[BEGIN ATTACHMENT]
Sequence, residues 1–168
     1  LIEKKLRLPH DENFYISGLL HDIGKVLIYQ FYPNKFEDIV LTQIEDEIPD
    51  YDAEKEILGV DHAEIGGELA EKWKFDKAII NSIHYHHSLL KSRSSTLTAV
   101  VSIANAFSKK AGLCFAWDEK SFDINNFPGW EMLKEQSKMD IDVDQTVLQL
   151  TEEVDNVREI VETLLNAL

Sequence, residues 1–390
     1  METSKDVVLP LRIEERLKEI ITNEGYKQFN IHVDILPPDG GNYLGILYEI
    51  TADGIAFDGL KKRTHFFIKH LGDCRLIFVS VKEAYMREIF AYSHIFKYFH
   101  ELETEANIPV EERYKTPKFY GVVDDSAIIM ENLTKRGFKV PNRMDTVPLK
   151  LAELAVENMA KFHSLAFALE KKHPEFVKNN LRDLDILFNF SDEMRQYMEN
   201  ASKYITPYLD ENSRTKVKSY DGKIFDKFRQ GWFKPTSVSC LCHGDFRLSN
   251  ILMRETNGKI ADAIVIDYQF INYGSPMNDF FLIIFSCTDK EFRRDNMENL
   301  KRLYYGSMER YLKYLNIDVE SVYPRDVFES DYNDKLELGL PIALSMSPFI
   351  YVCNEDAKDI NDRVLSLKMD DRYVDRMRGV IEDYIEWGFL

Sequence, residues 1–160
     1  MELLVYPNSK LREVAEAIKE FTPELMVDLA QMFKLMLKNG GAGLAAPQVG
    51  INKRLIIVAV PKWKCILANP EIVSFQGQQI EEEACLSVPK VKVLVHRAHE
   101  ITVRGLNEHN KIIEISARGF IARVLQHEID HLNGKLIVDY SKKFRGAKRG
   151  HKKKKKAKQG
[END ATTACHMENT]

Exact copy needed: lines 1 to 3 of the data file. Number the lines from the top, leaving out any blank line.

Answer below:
Sequence, residues 1–168
     1  LIEKKLRLPH DENFYISGLL HDIGKVLIYQ FYPNKFEDIV LTQIEDEIPD
    51  YDAEKEILGV DHAEIGGELA EKWKFDKAII NSIHYHHSLL KSRSSTLTAV